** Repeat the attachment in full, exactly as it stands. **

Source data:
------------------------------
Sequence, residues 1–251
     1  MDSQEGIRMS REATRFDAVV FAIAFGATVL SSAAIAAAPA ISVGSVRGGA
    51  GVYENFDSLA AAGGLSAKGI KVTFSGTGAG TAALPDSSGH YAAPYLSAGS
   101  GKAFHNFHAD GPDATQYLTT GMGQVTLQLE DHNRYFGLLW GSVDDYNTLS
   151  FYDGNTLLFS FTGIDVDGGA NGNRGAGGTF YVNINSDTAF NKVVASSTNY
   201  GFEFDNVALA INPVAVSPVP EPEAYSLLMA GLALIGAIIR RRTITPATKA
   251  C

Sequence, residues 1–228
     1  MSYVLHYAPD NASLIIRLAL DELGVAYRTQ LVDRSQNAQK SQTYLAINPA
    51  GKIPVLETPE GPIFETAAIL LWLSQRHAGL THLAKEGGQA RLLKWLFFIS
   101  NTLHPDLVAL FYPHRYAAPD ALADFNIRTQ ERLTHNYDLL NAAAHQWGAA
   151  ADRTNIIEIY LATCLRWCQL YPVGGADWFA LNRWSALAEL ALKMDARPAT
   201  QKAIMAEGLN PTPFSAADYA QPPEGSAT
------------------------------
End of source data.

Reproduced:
Sequence, residues 1–251
     1  MDSQEGIRMS REATRFDAVV FAIAFGATVL SSAAIAAAPA ISVGSVRGGA
    51  GVYENFDSLA AAGGLSAKGI KVTFSGTGAG TAALPDSSGH YAAPYLSAGS
   101  GKAFHNFHAD GPDATQYLTT GMGQVTLQLE DHNRYFGLLW GSVDDYNTLS
   151  FYDGNTLLFS FTGIDVDGGA NGNRGAGGTF YVNINSDTAF NKVVASSTNY
   201  GFEFDNVALA INPVAVSPVP EPEAYSLLMA GLALIGAIIR RRTITPATKA
   251  C

Sequence, residues 1–228
     1  MSYVLHYAPD NASLIIRLAL DELGVAYRTQ LVDRSQNAQK SQTYLAINPA
    51  GKIPVLETPE GPIFETAAIL LWLSQRHAGL THLAKEGGQA RLLKWLFFIS
   101  NTLHPDLVAL FYPHRYAAPD ALADFNIRTQ ERLTHNYDLL NAAAHQWGAA
   151  ADRTNIIEIY LATCLRWCQL YPVGGADWFA LNRWSALAEL ALKMDARPAT
   201  QKAIMAEGLN PTPFSAADYA QPPEGSAT